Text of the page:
By Liya Davidov
Nation & World Editor
A name is sacred, a title that no one can take away. There will always be someone with the same name as you, but none of them could ever identify with it the same way. It took me years to understand that about my name, and honestly, it still takes a lot of self-reminders.
The main difference between my name and that of other Liya’s is the spelling. Any “normal” girl would have her name spelled L-E-A-H, sometimes without the “h,” sometimes with an “i.” But either way, “Leah” is not supposed to have a “y.”
My first name is not the issue, though, because my last name is even worse. Everyone knows how to pronounce “David,” which is great for them except for the fact that it has nothing to do with my name. I understand that names are difficult to pronounce, and with a Hebrew flare, it becomes even more difficult to say “Davidov” in English. It takes a while to teach the correct pronunciation of my last name, too, and sometimes, even after all of the meticulous lessons, people are still clueless. After a few times, it really should not be so difficult to pronounce “Da-veed-óv.”
Why do I respond, though, when the mispronunciations tip over to almost entirely unrelated to me? Is it because I have given up or simply lost interest in my own identity? Sometimes, it bothers me that I do respond to a name that is not mine and, even worse, it hurts that I now anticipate the mispronunciation. It has even come to the point where I introduce myself and “Liya Davidov” no longer sounds like a description of me.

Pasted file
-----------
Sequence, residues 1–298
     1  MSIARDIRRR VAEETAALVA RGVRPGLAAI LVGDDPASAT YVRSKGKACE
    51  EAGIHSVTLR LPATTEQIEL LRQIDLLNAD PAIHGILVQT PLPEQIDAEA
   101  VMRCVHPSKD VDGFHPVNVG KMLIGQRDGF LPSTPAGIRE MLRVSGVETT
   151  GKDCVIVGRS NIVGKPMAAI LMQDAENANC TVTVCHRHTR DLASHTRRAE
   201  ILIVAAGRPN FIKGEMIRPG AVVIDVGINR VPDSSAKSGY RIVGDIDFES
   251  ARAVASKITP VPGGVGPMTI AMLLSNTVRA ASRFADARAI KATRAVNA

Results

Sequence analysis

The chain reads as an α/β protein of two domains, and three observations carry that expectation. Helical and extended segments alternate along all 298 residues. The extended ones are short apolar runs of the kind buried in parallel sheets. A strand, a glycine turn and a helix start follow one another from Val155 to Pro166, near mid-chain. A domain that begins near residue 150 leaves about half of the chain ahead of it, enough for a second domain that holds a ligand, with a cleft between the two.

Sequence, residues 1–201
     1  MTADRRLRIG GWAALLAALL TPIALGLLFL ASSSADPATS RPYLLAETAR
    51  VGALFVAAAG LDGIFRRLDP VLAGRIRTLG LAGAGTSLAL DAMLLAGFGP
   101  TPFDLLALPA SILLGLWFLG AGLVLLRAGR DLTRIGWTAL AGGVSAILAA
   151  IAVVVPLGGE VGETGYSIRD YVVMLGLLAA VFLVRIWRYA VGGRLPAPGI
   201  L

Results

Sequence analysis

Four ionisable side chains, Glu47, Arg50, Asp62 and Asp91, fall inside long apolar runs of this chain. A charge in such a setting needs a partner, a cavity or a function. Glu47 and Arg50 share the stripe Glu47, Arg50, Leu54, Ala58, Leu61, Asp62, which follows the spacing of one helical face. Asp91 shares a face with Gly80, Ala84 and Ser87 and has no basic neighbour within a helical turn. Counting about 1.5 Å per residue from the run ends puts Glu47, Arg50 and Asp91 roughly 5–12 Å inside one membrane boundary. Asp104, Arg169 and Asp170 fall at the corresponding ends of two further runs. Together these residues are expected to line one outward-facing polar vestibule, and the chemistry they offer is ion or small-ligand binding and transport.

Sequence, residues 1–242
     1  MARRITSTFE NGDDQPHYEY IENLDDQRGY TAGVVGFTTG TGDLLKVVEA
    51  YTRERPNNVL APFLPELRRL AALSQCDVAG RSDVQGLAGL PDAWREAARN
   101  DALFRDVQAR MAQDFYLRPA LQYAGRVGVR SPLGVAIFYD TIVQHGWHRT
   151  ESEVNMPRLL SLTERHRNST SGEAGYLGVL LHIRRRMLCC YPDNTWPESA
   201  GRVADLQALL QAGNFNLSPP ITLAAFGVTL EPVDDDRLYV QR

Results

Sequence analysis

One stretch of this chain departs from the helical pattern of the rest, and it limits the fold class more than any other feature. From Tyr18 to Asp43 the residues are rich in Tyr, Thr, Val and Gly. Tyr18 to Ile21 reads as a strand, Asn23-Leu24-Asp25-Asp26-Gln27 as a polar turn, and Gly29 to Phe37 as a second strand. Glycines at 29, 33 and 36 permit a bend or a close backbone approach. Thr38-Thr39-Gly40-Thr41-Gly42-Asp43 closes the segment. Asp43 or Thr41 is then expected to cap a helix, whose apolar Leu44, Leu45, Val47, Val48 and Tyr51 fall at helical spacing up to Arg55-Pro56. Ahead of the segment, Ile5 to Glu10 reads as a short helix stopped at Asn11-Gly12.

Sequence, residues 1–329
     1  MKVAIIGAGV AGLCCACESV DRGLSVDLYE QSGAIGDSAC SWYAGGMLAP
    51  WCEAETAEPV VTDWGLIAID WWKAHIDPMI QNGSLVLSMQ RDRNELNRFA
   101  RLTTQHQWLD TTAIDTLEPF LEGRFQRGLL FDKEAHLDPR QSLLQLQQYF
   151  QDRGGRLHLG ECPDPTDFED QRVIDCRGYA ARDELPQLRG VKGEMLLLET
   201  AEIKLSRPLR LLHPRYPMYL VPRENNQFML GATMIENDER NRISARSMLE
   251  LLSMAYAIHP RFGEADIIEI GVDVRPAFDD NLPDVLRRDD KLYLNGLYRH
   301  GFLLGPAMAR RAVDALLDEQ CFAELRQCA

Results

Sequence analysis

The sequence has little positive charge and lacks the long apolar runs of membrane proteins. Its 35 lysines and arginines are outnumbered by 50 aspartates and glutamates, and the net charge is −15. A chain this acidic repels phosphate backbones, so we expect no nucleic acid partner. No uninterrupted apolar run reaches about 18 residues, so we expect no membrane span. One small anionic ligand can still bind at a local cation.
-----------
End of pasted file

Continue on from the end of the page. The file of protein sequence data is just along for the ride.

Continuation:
What I have learned is that there is a part of me in each pronunciation. Sure, there mispronunciations that sometimes butcher the name with a sharp steak knife. But each version of my name is a version of me. I’ve come to like the different quirks that “David-off” has and the messed up sense of humor that “Lie-a” shares all too proudly.
My point is that behind every name, there is an individual — there’s you! Oh, look, there’s me, too! We all know what kind of person we want to be and there shouldn’t be a name standing in the way of us being exactly who we’re supposed to be. Accepting our true identities — the individual behind the name — may not come overnight, but is crucial in understanding ourselves.
It takes practice, but soon enough, you’re not just another face in the crowd walking down the main college path — you’re you and you’re glowing because of it. This is your opportunity to discover who you really are. You may not get it the first time — or the 50th time in my case — but when you do, you will finally be able to recognize the person in the mirror as more than just a reflection and feel proud of the individual you’ve become. Here’s to you!